Scientific Reasoning and Communication

Alexander Stewart
Meeting Days/Times: 
Tuesday and Thursday 12:00 p.m. – 2:10 p.m.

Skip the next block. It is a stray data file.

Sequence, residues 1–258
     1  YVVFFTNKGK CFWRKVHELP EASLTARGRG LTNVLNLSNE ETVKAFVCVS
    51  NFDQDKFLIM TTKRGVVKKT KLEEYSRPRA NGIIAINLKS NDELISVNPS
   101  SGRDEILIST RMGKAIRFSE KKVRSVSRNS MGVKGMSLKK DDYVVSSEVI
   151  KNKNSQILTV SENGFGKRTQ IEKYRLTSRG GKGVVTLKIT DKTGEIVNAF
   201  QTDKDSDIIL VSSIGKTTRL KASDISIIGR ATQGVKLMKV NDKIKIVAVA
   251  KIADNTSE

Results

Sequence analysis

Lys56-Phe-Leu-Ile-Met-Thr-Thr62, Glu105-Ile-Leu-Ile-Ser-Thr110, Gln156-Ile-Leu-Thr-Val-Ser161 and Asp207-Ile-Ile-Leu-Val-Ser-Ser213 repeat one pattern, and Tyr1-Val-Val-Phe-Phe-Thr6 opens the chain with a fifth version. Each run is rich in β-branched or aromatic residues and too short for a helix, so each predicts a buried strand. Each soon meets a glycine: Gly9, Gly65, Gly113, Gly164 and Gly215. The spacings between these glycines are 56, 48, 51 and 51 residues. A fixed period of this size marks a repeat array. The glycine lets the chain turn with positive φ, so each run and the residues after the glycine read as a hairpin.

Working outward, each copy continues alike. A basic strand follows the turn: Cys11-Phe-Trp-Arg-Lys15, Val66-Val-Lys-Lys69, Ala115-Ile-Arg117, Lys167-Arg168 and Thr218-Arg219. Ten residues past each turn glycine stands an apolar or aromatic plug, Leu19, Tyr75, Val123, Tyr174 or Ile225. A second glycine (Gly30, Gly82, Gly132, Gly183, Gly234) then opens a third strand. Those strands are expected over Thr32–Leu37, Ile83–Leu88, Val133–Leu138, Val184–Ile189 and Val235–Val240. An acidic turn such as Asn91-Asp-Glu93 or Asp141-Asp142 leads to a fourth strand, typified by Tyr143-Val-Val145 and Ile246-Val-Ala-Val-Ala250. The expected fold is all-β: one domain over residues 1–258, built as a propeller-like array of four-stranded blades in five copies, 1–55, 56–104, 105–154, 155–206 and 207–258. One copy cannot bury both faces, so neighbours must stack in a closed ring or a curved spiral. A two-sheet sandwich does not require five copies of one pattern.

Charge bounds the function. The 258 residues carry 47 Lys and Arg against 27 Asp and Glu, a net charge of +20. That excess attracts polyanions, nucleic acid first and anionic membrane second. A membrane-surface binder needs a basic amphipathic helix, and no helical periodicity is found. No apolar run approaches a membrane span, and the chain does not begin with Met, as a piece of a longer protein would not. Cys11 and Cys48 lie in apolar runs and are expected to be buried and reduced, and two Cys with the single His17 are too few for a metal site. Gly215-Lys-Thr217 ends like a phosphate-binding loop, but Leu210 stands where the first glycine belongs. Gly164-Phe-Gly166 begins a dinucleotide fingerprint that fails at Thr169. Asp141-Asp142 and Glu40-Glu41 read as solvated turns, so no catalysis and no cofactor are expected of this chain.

For the first time in human history, we are living in a world immersed in scientific communication.  More and more information (in all media) is based on science—from natural and human disasters and climate to deciding on your first home and a bottled water of choice.  In order to be a well-informed citizen, you should be competent in critically and scientifically examining information (and disinformation) that is pouring through these media (e.g., radio, TV, internet).  In this seminar, we will develop your scientific reasoning and communications skills, which will make you a critical, quantitative thinker.  The best way to turn your qualitative, interpretative and subjective mind into a science mind is to practice thinking, speaking and writing like a scientist—quantitatively (with numbers), descriptively (the what, not how) and objectively (without bias).  For example, you will stop seeing a cue ball; instead, you will see a white (#FFFFFF) sphere of phenol formaldehyde resin, 57.15 (±0.127) millimeters in diameter, weighing 158 (±2) grams!  With this foundation, you will hold the key to unlocking scientific rhetoric.  In this FYS, we will use physical science examples (i.e., geology, biology, chemistry and physics) during lectures, which are supported by practical exercises, on-campus field excursions and reading/writing/research exercises to begin developing a science-adept brain.